• DSA or DH keys

    • RSA keys less than 2048 bits long

    • If the certificate to be used for the TLS connection is of type RSA with its private key stored in the PKDS and was created or added to the RACF database prior to z/OS V2R4, the certificate will not be usable for TLS 1.3 connections. The RSA key needs to be protected using the ECC master key.

Is there an equivalent of mod_ssl's SSLHonorcipherorder?

No, IHS always uses the servers preference acts like SSLHonorcipherorder on

Does IHS support TLS_FALLBACK_SCSV?

IHS supports and sends TLS_FALLBACK_SCSV by default after PI52299 (8.5.5.9, 8.0.0.13) on distributed platforms.

Does IHS allow user configurable DHE parameters?

No, IHS only supports DHE with Elliptic Curve, and for EC in IHS GSKit only allows the use of the NIST Prime Elliptic Curves P256, P384 and P521. No user selectable parameters are allowed. GSKit selects a Curve to be Greater than or Equal to the CipherSuite Strength e.g. for a TLS_ECDHE_ECDSA_WITH_SHA256 CipherSuite curve P256 or higher can be used and for TLS_ECDHE_ECDSA_WITH_SHA384 curve P384 or higher can be used.

Does IHS use RSA's Dual Elliptic Curve Deterministic Random Bit Generation (DRBG) ?

No, the Dual-EC DRBG algorithm has never been implemented by IHS.

Can I prevent IHS from sending the root certificate in the handshake?

With GSKit 7.0.4.37 / 8.0.14.12 or later, this setting in IHS will disable sending the root certificate. This is needed by some older android clients. PM66218 or later has the necessary GSKit.

SSLAttributeSet 462 1

Can I prevent SSLProxyEngine from using an "SSLv2 compatible hello/open"?

In 8.0 and later on distributed only: SSLAttributeSet proxy:439 0 ENUM

Can the SSL proxy protocols be limited or changed?

The proxy supports all protocols unless they're disabled with SSLProtocolDisable. The set cannot be controlled separately from the supported frontend protocols.

  • As of the java that accompanies 7.0.0.23, ikeyman can create certificates with a public key sizes up to 4096 bits.

  • In the level of GSKit bundled with 7.0.0.0 and later, gsk7capicmd/gskcapicmd can create certificates with 4096 bit keys

  • With IBM HTTP Server 8.0 and later, ikeyman, gskcmd, and gskcapicmd can create 4096-bit keys.

  • mod_ibm_ssl can use certificates with public keys up to 4096 bits

How can I require SHA2 ciphers?

By default, IHS 8.0 and later prefers SHA2 over TLS1.2, but will negotiate older ciphers and protocols. To completely block all connections that come in without SHA2 over TLS1.2, replace any SSLProtocol or SSLCipherSpec cusotmizations with a derivative of the examples below. This configuration should come after existing SSLEnable directives.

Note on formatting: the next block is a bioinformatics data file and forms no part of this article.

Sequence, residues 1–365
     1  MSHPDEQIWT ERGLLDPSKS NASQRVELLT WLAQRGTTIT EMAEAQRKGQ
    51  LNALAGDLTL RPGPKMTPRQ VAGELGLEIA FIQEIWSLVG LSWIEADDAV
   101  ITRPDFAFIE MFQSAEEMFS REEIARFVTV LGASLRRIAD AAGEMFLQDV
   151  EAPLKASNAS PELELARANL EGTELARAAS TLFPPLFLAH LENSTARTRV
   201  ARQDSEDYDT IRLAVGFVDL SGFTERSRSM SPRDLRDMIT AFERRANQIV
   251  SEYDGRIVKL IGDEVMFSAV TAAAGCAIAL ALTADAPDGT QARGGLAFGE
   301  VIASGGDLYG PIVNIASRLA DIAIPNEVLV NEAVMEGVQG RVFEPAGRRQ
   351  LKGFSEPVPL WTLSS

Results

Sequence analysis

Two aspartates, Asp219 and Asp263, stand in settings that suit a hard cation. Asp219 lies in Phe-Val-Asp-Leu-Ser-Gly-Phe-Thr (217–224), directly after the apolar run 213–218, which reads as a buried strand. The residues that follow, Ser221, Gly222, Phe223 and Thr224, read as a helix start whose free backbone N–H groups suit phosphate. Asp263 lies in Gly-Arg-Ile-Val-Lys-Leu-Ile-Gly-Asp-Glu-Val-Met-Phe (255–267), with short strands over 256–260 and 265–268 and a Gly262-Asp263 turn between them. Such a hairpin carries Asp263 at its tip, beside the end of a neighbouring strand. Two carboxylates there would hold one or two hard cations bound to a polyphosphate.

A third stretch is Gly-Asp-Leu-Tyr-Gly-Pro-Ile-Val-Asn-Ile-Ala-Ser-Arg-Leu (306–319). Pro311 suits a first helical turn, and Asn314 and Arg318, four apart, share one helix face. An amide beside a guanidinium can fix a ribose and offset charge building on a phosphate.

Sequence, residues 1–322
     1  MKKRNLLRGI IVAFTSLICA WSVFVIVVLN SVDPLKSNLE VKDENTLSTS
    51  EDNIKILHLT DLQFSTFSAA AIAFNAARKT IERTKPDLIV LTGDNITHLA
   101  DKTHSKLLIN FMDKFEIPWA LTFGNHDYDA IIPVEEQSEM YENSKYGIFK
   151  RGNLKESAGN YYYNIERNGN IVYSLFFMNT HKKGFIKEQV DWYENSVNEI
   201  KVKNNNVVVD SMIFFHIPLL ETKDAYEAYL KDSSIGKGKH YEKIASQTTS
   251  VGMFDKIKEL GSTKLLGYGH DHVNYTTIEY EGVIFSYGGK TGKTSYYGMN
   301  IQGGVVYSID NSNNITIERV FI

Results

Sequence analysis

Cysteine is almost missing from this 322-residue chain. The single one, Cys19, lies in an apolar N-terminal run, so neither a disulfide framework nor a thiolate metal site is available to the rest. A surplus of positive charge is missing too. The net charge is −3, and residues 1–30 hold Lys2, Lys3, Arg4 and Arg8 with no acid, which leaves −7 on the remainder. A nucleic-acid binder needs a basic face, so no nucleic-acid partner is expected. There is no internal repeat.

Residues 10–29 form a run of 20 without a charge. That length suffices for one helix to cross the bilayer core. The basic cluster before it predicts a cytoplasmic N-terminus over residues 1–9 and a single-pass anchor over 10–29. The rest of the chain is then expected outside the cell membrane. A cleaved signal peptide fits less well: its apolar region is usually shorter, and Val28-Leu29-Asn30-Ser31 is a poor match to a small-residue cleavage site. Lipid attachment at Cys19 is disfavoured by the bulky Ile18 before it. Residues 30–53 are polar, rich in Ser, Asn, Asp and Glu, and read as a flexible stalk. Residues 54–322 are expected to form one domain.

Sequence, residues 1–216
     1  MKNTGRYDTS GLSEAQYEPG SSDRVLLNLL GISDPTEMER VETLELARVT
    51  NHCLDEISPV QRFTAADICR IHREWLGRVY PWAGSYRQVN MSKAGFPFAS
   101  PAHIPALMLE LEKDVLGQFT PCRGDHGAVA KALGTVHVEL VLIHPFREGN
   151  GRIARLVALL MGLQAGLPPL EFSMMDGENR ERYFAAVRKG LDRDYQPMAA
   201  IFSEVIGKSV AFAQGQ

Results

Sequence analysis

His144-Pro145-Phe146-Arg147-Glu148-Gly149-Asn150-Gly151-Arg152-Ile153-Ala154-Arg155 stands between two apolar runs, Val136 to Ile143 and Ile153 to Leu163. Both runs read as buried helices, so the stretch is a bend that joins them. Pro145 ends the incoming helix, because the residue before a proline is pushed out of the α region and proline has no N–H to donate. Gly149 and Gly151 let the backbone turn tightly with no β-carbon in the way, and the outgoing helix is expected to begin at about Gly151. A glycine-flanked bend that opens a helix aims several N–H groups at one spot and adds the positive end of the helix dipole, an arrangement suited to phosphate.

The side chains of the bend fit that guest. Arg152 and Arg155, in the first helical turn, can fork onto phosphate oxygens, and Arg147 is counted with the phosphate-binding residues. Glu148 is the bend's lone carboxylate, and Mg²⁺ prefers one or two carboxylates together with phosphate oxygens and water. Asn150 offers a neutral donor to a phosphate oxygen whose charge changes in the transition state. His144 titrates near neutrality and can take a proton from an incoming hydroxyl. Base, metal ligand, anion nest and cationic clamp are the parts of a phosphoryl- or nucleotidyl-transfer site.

# SHA2-only, no ECDHE
    SSLProtocolDisable TLSv10 TLSv11
    SSLCipherSpec TLSv12 TLS_RSA_WITH_AES_128_GCM_SHA256 TLS_RSA_WITH_AES_256_GCM_SHA384 TLS_RSA_WITH_AES_128_CBC_SHA256 TLS_RSA_WITH_AES_256_CBC_SHA256
    # SHA2-only w/ ECDHE preferred
    SSLProtocolDisable TLSv10 TLSv11
    SSLCipherSpec TLSV12 TLS_ECDHE_RSA_WITH_AES_128_CBC_SHA256 TLS_ECDHE_RSA_WITH_AES_256_CBC_SHA384 TLS_ECDHE_RSA_WITH_AES_128_GCM_SHA256 TLS_ECDHE_RSA_WITH_AES_256_GCM_SHA384
    SSLCipherSpec TLSv12 +TLS_RSA_WITH_AES_128_GCM_SHA256 TLS_RSA_WITH_AES_256_GCM_SHA384 TLS_RSA_WITH_AES_128_CBC_SHA256 TLS_RSA_WITH_AES_256_CBC_SHA256

Does IHS support perfect forward secrecy (PFS)?

9.0.0.0/8.5.5.12 and later support ECDHE ciphers which provide perfect forward secrecy (PFS). These ciphers are are enabled and preferred by default on distributed platforms. Ciphers with RSA key exchange, known as "non-PFS" or "static key ciphers" are supported/tolerated i but not preferred.

V9 / 8.5 post-PI81589 ECDHE cipher manipulation examples

In Version 9 and later, or in 8.5.5 after PI81589, ECDHE is enabled by default and preferred over RSA.

You may wish to disable non-PFS ciphers (RSA), prefer RSA over ECDHE, or disable ECDHE. Example config changes follow, choose 1 stanza depending on your requirements.

    # Example 1: Require ECDHE (PFS)/ disable RSA (non-PFS)
    ## Remove all RSA key exchange ciphers
    SSLCipherSpec ALL -9C -9D -3C -3D -2F -35B


    # Example 2: Disable ECDHE (PFS) including ALL TLSv13. This should only be done if you have some kind of rare 
    # incompatibility or performance issue.
    SSLCipherSpec ALL 9C 9D 3C 3D 2F 35B

    # Example 3: Prefer RSA over ECDHE.  See caveat about example #2.
    ## Step 1: Remove the defaults
    SSLCipherSpec ALL -TLS_ECDHE_ECDSA_WITH_AES_256_GCM_SHA384 -TLS_ECDHE_ECDSA_WITH_AES_128_GCM_SHA256 -TLS_ECDHE_ECDSA_WITH_AES_256_CBC_SHA384
    SSLCipherSpec ALL -TLS_ECDHE_ECDSA_WITH_AES_128_CBC_SHA256 -TLS_ECDHE_ECDSA_WITH_AES_256_CBC_SHA -TLS_ECDHE_ECDSA_WITH_AES_128_CBC_SHA -TLS_ECDHE_ECDSA_WITH_3DES_EDE_CBC_SHA
    SSLCipherSpec ALL -TLS_ECDHE_RSA_WITH_AES_256_GCM_SHA384 -TLS_ECDHE_RSA_WITH_AES_128_GCM_SHA256
    SSLCipherSpec ALL -TLS_ECDHE_RSA_WITH_AES_256_CBC_SHA384 -TLS_ECDHE_RSA_WITH_AES_128_CBC_SHA256
    SSLCipherSpec ALL -TLS_ECDHE_RSA_WITH_AES_256_CBC_SHA -TLS_ECDHE_RSA_WITH_AES_128_CBC_SHA -TLS_ECDHE_RSA_WITH_3DES_EDE_CBC_SHA
    ## Step 2: Append the same ECDHE ciphers
    SSLCipherSpec ALL +TLS_ECDHE_ECDSA_WITH_AES_256_GCM_SHA384 +TLS_ECDHE_ECDSA_WITH_AES_128_GCM_SHA256 +TLS_ECDHE_ECDSA_WITH_AES_256_CBC_SHA384
    SSLCipherSpec ALL +TLS_ECDHE_ECDSA_WITH_AES_128_CBC_SHA256 +TLS_ECDHE_ECDSA_WITH_AES_256_CBC_SHA +TLS_ECDHE_ECDSA_WITH_AES_128_CBC_SHA +TLS_ECDHE_ECDSA_WITH_3DES_EDE_CBC_SHA